The Man and His Era

By William Taubman Norton -- 876pp -- $35

It was a startling notion: "What if we throw a hedgehog down Uncle Sam's pants?"

The speaker is Nikita S. Khrushchev. The time is 1962. And the Soviet leader is discussing with a Communist Party colleague the most dangerous idea of his political career. Against the advice of his Foreign Minister, Khrushchev goes ahead with a harebrained scheme to ship nuclear weapons secretly to Cuba -- and brings the world to the brink of war when the U.S. finds out. Fortunately, after a tense, 13-day standoff with President John F. Kennedy, Khrushchev backs down.

The Cuban missile crisis is just one of the many events analyzed in rich detail in William Taubman's Khrushchev: The Man and His Era. A political science professor at Amherst College and author of several works on the Soviet period, Taubman has produced an impressive synthesis from a vast range of sources. These include not only the memoirs of Khrushchev, his son, and other leading figures of the Communist Party, but also extensive archives that were opened after the 1991 collapse of the Soviet Union, American archives, secondary works on 20th century history, and interviews with Soviets or their descendants. (The footnotes and bibliography account for 167 of the volume's 876 pages.)

The result is a fascinating look at a complicated, self-made man who played a role in pivotal events of post-revolutionary Russia's troubled history. "[T]aken in its entirety, his life holds a mirror to the Soviet age as a whole. Revolution, civil war, collectivization and industrialization, terror, world war, Cold War, late Stalinism, post-Stalinism -- Khrushchev took part in them all," writes Taubman.

On one level, Khrushchev's is a story of remarkable upward mobility. He was born in 1894 to an impoverished peasant family in a southern Russian village. In his teens, Khrushchev moved to a mining town in Ukraine and became a metalworker. He helped lead a strike at his workshop in 1915 -- and went on to organize other work stoppages leading up to the 1917 revolution. It was the start of his political career -- one that would take him to the top of the Communist Party before he was peacefully ousted from his post in 1964.

It took an uncanny survival instinct to navigate the dangerous waters of Communist politics, particularly during Stalin's purges from the 1930s to the '50s. To rise through party ranks and make it into Stalin's inner circle, Khrushchev used bluff, bluster -- and ruthlessness. Although he expressed private doubts about the repression to his friends, and later denounced Stalin in a famous "secret speech" at the 1956 Communist Party Congress, Khrushchev's hands were far from clean. As party leader in Ukraine starting in 1938, "Khrushchev presided over the purges, which apparently accelerated after his arrival," Taubman writes. According to a fellow party boss, Khrushchev personally "sent 54,000 people to the next world" during this time.

One of the achievements of Taubman's book is his exploration of the Soviet leader's character. Khrushchev fell into both deception and self-deception throughout his life, Taubman writes. The peasant's son never seemed to get over the insecurities that lay behind his obsequiousness toward Stalin and that later prompted him to threaten the West and bang his shoe at the U.N. "In his desperate search for respect, he ended up not respecting himself," the author concludes. Khrushchev was devastated when he was deposed in 1964. He died in 1971.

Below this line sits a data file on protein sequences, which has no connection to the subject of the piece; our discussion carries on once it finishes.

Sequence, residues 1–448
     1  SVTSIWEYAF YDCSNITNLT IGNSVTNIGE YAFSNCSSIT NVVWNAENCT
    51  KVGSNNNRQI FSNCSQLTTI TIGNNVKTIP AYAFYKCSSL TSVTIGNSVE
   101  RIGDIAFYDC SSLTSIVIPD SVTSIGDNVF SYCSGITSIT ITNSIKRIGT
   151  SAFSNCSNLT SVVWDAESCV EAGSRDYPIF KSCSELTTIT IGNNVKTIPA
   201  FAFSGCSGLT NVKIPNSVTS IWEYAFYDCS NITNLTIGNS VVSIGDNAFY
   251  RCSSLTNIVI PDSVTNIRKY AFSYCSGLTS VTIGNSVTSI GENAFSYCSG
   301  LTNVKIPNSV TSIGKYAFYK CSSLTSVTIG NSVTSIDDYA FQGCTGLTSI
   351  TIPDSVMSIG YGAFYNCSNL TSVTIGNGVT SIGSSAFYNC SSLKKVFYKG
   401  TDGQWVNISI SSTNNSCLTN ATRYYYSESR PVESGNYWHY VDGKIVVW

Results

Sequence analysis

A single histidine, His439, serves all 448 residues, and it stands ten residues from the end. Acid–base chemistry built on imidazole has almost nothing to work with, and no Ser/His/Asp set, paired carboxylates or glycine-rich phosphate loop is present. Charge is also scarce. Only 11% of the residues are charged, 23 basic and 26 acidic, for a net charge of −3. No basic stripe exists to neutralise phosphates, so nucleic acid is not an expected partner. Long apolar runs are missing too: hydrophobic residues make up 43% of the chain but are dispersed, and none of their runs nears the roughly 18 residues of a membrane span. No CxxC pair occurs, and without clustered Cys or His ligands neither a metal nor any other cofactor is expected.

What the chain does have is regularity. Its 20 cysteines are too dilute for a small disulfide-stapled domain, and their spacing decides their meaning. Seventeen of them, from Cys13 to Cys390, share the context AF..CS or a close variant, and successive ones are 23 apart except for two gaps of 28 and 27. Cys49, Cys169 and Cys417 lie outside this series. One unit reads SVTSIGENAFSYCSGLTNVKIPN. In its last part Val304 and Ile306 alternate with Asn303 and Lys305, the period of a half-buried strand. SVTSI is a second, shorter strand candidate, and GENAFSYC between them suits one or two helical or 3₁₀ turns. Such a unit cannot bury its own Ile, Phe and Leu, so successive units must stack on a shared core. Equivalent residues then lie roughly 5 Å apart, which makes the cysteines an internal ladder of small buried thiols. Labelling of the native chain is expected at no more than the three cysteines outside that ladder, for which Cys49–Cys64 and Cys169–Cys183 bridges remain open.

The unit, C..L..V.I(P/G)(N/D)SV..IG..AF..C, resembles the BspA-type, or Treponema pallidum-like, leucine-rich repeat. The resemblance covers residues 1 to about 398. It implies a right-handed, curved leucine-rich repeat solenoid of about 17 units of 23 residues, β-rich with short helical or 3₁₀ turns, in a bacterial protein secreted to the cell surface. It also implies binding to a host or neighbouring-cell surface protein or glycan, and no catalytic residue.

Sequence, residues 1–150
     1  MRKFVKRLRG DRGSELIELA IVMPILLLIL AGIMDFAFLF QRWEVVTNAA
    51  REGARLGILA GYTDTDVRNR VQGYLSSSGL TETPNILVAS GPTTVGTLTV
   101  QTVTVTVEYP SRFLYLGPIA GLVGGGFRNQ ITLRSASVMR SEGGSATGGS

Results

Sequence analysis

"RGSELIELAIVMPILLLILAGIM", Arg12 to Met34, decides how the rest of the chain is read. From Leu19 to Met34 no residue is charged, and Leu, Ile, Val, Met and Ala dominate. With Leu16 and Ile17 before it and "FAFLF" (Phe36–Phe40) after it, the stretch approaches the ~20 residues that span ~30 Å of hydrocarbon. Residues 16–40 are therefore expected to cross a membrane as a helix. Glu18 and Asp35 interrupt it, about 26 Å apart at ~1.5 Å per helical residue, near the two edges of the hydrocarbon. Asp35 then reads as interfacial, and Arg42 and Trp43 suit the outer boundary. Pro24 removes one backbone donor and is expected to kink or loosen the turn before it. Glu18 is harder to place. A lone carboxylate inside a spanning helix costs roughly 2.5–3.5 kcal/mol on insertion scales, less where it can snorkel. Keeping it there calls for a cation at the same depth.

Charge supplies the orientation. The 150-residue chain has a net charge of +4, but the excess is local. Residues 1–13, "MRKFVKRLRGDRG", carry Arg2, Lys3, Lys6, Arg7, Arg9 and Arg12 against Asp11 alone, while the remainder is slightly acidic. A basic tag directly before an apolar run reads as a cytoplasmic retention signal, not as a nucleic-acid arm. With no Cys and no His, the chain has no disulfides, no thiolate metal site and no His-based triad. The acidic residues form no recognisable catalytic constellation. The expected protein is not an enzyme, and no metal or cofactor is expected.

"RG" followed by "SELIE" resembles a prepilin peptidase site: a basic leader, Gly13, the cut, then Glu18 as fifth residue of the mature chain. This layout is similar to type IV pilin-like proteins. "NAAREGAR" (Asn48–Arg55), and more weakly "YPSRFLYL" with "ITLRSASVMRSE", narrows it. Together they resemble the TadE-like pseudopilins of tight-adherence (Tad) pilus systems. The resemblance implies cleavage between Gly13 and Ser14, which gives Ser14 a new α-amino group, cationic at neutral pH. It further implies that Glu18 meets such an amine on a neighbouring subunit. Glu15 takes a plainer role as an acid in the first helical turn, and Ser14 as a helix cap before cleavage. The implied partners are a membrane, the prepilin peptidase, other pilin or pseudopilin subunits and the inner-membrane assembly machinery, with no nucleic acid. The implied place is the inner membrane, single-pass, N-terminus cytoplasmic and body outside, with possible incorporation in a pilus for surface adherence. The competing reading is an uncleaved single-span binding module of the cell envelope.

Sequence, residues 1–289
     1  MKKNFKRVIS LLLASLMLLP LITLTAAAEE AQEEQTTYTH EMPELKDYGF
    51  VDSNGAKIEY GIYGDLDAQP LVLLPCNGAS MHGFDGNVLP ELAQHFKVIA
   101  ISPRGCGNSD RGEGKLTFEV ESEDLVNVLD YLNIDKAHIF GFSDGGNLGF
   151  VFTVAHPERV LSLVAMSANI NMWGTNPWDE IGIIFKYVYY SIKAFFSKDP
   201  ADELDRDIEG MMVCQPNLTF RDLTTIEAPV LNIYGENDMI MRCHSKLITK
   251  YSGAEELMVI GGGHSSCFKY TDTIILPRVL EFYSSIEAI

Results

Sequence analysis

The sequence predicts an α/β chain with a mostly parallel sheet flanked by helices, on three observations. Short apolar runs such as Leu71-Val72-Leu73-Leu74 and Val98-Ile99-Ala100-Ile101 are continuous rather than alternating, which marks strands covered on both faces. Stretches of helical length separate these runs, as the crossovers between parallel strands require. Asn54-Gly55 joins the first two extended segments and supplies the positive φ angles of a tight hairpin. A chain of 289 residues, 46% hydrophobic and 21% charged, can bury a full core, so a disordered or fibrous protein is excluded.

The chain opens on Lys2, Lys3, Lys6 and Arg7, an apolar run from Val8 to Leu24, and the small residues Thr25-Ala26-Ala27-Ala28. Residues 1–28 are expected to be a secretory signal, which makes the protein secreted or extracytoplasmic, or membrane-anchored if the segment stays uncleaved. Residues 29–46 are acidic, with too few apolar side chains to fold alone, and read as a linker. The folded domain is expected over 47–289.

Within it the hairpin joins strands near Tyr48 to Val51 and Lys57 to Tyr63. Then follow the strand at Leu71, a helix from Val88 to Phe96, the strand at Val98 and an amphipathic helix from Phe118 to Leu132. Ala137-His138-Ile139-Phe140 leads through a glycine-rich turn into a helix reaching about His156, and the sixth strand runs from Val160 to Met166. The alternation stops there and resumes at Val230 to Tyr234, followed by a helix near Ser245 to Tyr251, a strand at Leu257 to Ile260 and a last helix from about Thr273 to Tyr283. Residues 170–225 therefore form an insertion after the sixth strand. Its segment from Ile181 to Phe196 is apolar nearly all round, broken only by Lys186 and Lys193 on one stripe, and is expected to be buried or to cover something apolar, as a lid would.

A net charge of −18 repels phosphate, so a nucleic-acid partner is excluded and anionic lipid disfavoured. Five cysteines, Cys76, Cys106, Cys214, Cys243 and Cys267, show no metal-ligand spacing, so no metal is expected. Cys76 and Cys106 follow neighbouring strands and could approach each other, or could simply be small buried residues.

For all the bad things associated with Khrushchev's rise to power, my impression of the Soviet leader was changed for the better by this book. As an American who grew up in the 1960s, I mainly remembered his crudeness, the tensions he created over Berlin, the Cuban missile crisis. Without denying his flaws, Taubman reminds readers of the achievements that Khrushchev presided over, from Sputnik and the pioneering space flight of Yuri Gagarin to the construction of the Moscow subway system. He genuinely tried to better his people's living standards.

What also comes through clearly is that Khrushchev longed for better relations with the U.S. Despite his bluster, he urged the Kennedy Administration to sign a treaty to ban tests of nuclear weapons. At first talks floundered, but eventually, shortly before Kennedy's assassination, the U.S., Soviet Union, and Britain agreed to a ban. Khrushchev was also the first Soviet leader to push for cuts in defense spending. Finally, Khrushchev's effort to loosen restrictions on artists and writers and his ultimately unsuccessful attempts at economic reform paved the way for an even more important reformer.

It took 21 years for Mikhail S. Gorbachev to rise to the top. Gorby came of age in the Khrushchev years and often referred to the period as an inspiration. In the end, he, too, failed as an economic reformer: Half-measures led to the Soviet Union's collapse. But Gorbachev's policy of glasnost -- or political openness -- and his desire to better relations with the U.S. led to the end of the Cold War. Writes Taubman: "Gorbachev's own generation considered itself 'children of the 20th Congress' and regarded the task of renewing what Khrushchev had begun as 'our obligation."'

Khrushchev: The Man and His Era shows both the triumphs and tragedies of a complicated man who led a full life. I consider it a must-read for students of Soviet history and for others interested in the Cold War -- and in the first tiny steps toward bringing it to an end.

By Rose Brady

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